2. 2. Asia Cloud Computing Association’s (ACCA) Response to the Merchant Acquiring Services Exposure Draft | Sep 2020 | Page 2 of 3 Asia Cloud Computing Association’s (ACCA) Response to the Merchant Acquiring Services Exposure Draft The ACCA thanks Bank Negara Malaysia (BNM) for the opportunity to submit feedback on the Merchant Acquiring Services Exposure Draft (the “Exposure Draft”). 1. General Comments a. As a general comment, we would like to encourage consistency between the Merchant Acquiring Services Exposure Draft and the current BNM Outsourcing Guidelines to help avoid confusion. b. In addition, we would also like to suggest a consultation on operational issues related to Risk Management in Technology (RMiT) to align regulatory expectations with current international best practices. 2. Comments on Section 16.5(c) This provision stipulates that as part of their outsourcing agreements, acquirers must have provisions for on-site inspection of service providers, which would include cloud service providers (CSPs). a. The ACCA would like to highlight that for CSPs, requiring on-site customer access poses a security risk due to the multi-tenanted environment of the public cloud model. Physical access rights would allow acquirers to access the same physical environment used by many other companies, and also presents potential for property damage or personal injury. b. In addition, such access rights also conflict with international security best practices and standards for public cloud. c. We would also like to note that this audit right also runs counter to BNM’s Outsourcing Guidelines (the “Outsourcing Guidelines”), which recognize alternative means of exercising audits and inspections of CSPs, such as relying on third party audit reports (Section 11.3 of the Outsourcing Guidelines). d. Recommendation: To align with the Outsourcing Guidelines, we suggest that BNM revise Section 16.5(c) to explicitly state that service providers can provide regular audit reports certifying that they are compliant with global security standards. We therefore recommend that this section be amended per the below, which is substantively the same as the Outsourcing Guidelines: “The acquirer may rely on third party certifications and reports made available by a cloud service provider to exercise its access rights under this section, provided such reliance is supported by an adequate understanding and review of the scope of the audit and methods employed by the third party, and access to the third party and service provider to clarify matters relating to the audit.”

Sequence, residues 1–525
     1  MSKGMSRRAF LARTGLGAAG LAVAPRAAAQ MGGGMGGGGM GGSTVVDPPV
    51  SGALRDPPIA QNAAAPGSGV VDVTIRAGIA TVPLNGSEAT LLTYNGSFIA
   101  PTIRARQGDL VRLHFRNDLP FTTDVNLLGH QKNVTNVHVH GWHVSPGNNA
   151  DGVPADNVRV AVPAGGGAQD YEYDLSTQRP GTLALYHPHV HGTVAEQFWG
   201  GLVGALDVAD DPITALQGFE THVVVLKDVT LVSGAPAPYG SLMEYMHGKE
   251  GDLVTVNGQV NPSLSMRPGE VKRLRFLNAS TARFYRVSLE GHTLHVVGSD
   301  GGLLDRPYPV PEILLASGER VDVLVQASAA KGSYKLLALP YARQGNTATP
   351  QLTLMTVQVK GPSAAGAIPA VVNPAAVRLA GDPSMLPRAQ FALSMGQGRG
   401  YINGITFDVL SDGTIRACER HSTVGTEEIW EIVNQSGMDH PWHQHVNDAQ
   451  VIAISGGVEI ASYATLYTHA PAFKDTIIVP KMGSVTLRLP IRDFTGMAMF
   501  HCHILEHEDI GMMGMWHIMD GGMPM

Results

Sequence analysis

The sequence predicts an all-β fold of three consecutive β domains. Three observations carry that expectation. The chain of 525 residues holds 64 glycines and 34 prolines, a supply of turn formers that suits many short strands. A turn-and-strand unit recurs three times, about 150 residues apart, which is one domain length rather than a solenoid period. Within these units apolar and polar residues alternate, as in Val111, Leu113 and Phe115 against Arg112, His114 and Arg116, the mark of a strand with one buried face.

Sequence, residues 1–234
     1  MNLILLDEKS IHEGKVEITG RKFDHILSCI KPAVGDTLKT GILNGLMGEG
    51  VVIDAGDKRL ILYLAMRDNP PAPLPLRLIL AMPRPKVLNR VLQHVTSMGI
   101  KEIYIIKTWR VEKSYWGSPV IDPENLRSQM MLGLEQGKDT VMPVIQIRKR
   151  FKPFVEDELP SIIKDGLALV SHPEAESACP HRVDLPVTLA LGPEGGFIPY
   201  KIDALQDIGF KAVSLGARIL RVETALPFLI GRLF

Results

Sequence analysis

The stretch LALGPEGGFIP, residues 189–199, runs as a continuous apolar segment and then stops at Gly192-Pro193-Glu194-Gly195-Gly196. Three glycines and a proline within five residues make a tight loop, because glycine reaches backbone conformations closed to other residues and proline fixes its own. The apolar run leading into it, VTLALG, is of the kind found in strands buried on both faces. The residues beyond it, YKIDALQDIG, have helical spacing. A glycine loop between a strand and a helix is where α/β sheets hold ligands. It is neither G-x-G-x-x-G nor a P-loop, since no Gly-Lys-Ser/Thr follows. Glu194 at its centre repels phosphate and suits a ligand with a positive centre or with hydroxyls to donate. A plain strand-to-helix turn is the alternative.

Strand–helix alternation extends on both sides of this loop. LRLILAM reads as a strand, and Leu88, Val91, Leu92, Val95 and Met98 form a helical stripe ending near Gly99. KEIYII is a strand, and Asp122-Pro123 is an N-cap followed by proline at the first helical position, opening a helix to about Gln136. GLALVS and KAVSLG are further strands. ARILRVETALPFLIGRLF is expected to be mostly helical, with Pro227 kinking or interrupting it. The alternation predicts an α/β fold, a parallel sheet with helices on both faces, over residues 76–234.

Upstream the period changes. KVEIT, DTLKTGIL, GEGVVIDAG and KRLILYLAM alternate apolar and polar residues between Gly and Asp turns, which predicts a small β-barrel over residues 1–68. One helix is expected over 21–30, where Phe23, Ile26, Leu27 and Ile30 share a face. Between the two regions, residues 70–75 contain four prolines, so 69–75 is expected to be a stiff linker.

3. 3. Asia Cloud Computing Association’s (ACCA) Response to the Merchant Acquiring Services Exposure Draft | Sep 2020 | Page 3 of 3 3. Comments on Section 16.6 a. This section contains a requirement for outsourced parties such as CSPs to provide a written undertaking to comply with additional privacy requirements set by BNM, which is not compatible with the shared responsibility framework under which CSPs operate. In this framework, CSPs work in tandem with customers, such as acquirers, to assure data security, privacy, and reliability. Customers maintain governance over the entire IT control environment and retain full control and ownership over data and other content when using a CSP’s services. The customer is also responsible for determining the levels of security they wish to adopt for data storage and processing. When a customer retains control of security processes to protect their own content, applications, systems and networks, the level of oversight and control that they exercise is no different from applications run by an entity in an on-site data centre. The ACCA highlights that the CSP does not have access to customer data nor does it have visibility over the content of customer data. The CSP also does not have any control over the security controls that the customer has chosen to apply to that content. Any proposal to extend the visibility of CSPs to customer data handling would breach security and privacy best practices, and invalidate multiple security certifications. b. This stipulation for an undertaking is also not contained in the Outsourcing Guidelines, which have provisions to ensure that CSPs maintain confidentiality. c. Recommendation: We recommend amending Section 16.6, as shown below: “In addition to the requirements in paragraph 16.5(b), where the outsourced party will have access to documents or information relating to the affairs or account of any customer of the acquirer, the acquirer shall ensure that the outsourced party has appropriate controls to safeguard the security, confidentiality and integrity of any information shared with the Outsourced Party. The acquirer shall also ensure that the service provider is bound by adequate confidentiality provisions stipulated under the outsourcing agreement.” 4. Comments on Section 16.8 a. As the extent to which service providers may use subcontractors and the roles of subcontractors can vary greatly, the requirement for acquirers to implement controls for subcontractors to comply with all relevant regulatory requirements may be interpreted as overly prescriptive and may not be feasible for hyperscale CSPs. b. However, adequate controls should be put in place for subcontractors that correspond to the subcontractor’s role in the delivery of services to the acquirer. As Section 9.6 of the Outsourcing Guidelines recognize, the key issue with subcontracting is to ensure that service providers do not diminish the ultimate responsibility of the primary service provider. c. Recommendation: We recommend that Section 16.8 be amended as shown below: “The requirement in paragraph 16.7 is also applicable when an outsourced party engages a subcontractor to undertake the activities that were outsourced by the acquirer, whereby the acquirer shall implement proper controls to ensure the accountability of the primary outsourced party over the performance and conduct of the subcontractor in relation to the outsourcing arrangement. that the subcontractor complies with the relevant requirements based on standards issued by the Bank to acquirers from time to time.”